Finally, we note that the images were not directly used in the supervised learning stage as outputs because: (i) Predicting the scattering pattern is not our only goal. Rather, we would like to have a limited set of parameters (i.e., outputs) that can sensibly characterize the image and hence provide guidance as to how the inputs (i.e., \([g,\,{s}_{l},\,t]\)) affect the outputs (and correspondingly the scattering patterns). Using the images directly as outputs is a more straightforward approach but renders monitoring the trends difficult. (ii) With \(100\times 100\) outputs (the total number of pixels), fitting a multiresponse supervised learner becomes computationally very expensive and, more importantly, may face severe numerical issues. One can also fit \(100\times 100\) singleresponse supervised learners but this is rather cumbersome, expensive, and prone to errors due to high amounts of noise in some pixels. (iii) With \(100\times 100\) outputs, the inverse optimization processes (for estimating g and \({s}_{l}\) given t and an image) becomes expensive.
Supervised learner: Linking Scattering Patterns with Tissue Sample Characteristics
With the advances in computational capabilities, supervised and unsupervised learning methods have drawn considerable attention in a wide range of applications including computational materials science^{30,31,32,33,34,35,36,37,38,39,40,41,42,43,44,45,46,47,48,49,50,51}, neuroscience^{52}, clinical medicine^{53,54,55,56}, biology^{57,58}, protein analysis and genetics^{59}, biotechnology^{60,61}, robotics^{62}, psychology^{63}, climatology^{64}, paleoseismology^{65}, and economics^{66}. These methods provide the means to predict the response of a system where no or limited data is available. Neural networks, support vector machines, decision trees, Gaussian processes (GP’s), clustering, and random forests are amongst the most widely used methods. In case of biological tissues, supervised learning via neural networks has been previously employed, e.g., for classification of tissues using SFDIbased training datasets^{67,68,69,70,71,72}.
We employ GP’s to link the characterizing parameters of the scattering patterns (i.e., p and σ) with those of the tissue samples (i.e., t, g, and \({s}_{l}\)). Briefly, the essential idea behind using GP’s as supervised learners is to model the inputoutput relation as a realization of a Gaussian process. GP’s are well established in the statistics^{73}, computational materials science^{33,40}, and computer science^{74} communities as they, e.g., readily quantify the prediction uncertainty^{75,76} and enable tractable and efficient Bayesian analyses^{77,78}. In addition, GP’s are particularly suited to emulate highly nonlinear functions especially when insufficient training samples are available.
In our case, the inputs and outputs corresponds to \({\boldsymbol{x}}=[t,\,g,\,{s}_{l}]\) and \({\boldsymbol{y}}=[p,\,\sigma ]\), respectively. As there are two outputs, we can either fit a multiresponse GP (MRGP) model or two independent singleresponse GP (SRGP) models. With the former approach, one GP model is fitted to map the threedimensional (3D) space of x to the twodimensional (2D) space of y. With the latter approach, however, two GP models are fitted: one for mapping x to p and another for mapping x to σ. The primary advantage of an MRGP model lies in capturing the correlation between the responses (if there is any) and, subsequently, requiring less data for a desired level of accuracy. An MRGP model might not provide more predictive power if the responses are independent, have vastly different behavior, or contain different levels of noise.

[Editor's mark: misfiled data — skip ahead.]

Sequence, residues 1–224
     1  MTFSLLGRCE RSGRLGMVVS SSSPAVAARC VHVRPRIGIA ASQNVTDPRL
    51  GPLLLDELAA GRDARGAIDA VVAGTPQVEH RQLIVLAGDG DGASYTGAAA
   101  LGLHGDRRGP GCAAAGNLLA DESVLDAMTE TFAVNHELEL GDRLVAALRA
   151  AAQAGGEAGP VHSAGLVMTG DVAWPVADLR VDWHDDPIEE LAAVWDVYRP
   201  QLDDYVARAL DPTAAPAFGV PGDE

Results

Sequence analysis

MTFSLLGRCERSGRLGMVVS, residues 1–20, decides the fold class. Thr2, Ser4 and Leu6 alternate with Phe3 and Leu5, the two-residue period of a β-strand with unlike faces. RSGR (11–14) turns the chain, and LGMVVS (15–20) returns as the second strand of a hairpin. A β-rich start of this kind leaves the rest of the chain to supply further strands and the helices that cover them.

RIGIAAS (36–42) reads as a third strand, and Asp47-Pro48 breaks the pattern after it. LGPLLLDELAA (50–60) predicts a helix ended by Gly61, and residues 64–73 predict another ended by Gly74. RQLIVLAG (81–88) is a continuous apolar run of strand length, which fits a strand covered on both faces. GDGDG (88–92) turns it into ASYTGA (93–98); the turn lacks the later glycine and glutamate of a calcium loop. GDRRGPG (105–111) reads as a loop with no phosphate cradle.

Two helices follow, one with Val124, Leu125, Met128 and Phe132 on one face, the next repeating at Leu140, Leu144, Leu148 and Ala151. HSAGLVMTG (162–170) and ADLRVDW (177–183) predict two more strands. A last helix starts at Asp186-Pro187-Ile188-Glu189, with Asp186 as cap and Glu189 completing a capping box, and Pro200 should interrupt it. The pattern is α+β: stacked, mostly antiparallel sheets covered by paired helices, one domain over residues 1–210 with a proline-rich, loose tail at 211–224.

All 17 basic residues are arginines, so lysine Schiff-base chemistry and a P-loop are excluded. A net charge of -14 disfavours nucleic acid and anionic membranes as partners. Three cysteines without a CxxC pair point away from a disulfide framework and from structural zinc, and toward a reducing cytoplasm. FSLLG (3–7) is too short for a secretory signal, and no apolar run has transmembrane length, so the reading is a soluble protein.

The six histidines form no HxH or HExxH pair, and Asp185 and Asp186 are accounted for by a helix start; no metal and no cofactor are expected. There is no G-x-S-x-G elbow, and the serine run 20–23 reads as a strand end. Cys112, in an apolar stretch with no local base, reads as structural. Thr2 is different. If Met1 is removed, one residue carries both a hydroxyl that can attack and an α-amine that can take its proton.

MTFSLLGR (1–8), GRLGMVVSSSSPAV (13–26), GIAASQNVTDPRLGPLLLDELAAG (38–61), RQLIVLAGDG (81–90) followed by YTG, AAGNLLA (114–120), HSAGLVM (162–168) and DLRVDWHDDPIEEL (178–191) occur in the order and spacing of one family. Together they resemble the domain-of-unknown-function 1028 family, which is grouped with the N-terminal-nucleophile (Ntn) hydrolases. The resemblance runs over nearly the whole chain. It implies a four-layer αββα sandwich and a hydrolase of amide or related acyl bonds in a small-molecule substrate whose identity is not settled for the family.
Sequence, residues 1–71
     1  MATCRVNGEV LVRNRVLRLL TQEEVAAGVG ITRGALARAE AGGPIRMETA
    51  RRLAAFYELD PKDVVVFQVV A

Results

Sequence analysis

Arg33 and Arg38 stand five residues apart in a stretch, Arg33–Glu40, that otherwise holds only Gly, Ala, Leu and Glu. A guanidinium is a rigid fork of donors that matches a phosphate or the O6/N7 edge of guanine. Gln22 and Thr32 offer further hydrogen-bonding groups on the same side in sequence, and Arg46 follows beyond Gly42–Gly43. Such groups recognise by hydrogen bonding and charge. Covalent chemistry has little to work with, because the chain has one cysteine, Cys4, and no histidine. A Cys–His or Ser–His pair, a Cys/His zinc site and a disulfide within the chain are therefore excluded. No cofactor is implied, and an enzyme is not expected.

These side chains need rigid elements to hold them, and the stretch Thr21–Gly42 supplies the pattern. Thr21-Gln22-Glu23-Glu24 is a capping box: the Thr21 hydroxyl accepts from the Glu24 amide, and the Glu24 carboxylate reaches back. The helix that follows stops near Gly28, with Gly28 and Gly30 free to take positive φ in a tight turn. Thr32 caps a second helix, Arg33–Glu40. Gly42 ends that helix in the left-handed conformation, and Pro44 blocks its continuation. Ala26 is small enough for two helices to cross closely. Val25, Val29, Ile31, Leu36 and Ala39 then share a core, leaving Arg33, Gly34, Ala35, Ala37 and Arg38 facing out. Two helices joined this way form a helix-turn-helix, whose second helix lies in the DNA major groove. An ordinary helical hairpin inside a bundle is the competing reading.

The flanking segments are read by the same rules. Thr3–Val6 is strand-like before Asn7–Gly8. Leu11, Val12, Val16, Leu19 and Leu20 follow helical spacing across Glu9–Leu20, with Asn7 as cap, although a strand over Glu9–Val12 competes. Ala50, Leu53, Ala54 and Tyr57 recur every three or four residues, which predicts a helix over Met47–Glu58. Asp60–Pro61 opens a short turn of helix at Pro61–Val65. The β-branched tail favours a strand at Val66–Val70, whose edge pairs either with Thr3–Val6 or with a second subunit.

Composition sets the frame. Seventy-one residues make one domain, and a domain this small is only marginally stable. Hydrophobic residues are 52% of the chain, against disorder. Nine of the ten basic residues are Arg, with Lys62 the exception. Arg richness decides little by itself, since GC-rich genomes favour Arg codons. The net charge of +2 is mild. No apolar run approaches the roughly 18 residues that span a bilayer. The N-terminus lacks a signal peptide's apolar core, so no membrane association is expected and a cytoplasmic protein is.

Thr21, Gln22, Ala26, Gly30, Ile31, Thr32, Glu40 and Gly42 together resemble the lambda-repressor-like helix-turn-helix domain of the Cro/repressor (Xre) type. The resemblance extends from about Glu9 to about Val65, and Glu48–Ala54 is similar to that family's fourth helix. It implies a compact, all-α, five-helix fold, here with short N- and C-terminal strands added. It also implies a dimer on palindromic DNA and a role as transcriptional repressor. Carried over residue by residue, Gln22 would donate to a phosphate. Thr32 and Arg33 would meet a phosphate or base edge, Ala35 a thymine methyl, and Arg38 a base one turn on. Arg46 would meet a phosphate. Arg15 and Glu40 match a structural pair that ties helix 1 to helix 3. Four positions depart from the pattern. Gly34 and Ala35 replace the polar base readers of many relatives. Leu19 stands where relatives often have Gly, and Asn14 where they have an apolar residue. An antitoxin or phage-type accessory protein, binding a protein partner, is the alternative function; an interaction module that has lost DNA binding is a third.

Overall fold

We conducted convergence studies to decide between the two modeling options and, additionally, determine the minimum DOE size required to fit a sufficiently accurate model. As mentioned earlier, the Sobol sequence was employed to build one DOE of size 400 over the hypercube \(0.7\le g\le 0.93\,\), \(0.03\le {s}_{l}\le 0.12\,mm\), and \(200\le t\le 600\,\mu m\). Sobol sequence was chosen over other design methods (e.g., Latin hypercube) because consecutive subsets of a Sobol sequence all constitute spacefilling 50 designs. Following this, we partitioned the first 300 points in the original DOE of size 400 into six subsets with an increment of 50, i.e., the \({i}^{th}\) DOE (i = 1,…, 6) included points \(1,\,\ldots ,i\times 50\,\)from the original DOE. The last 100 points in the original DOE (which are spacefilling and different from all the training points) were reserved for estimating the predictive power of the models. Next, three GP models were fitted to each DOE: (i) an MRGP model to map x to y, and (ii) two SRGP models; one to map x to p and another to map x to σ. Finally, the reserved 100 DOE points were used to estimate the scaled rootmeansquared error (RMSE) as:
where N is the number of prediction points (N = 100 in our case), q is the quantity of interest (either p or σ), and \(\hat{q}\) is the estimated quantity by the fitted model. Figure 3 summarizes the results of our convergence studies (see Sec. 5.1 for fitting costs) and indicates that:

1.
As the sample size increases, the errors generally decrease. The sudden increases in the errors are either due to overfitting or the addition of some noisy data points.

2.
\({e}_{\sigma }\) of the MRGP model is almost always smaller than that of the SRGP (compare the red curves in Fig. 3a and b). The opposite statement holds for \({e}_{p}\). This is because p, as compared to σ, is much less noisy.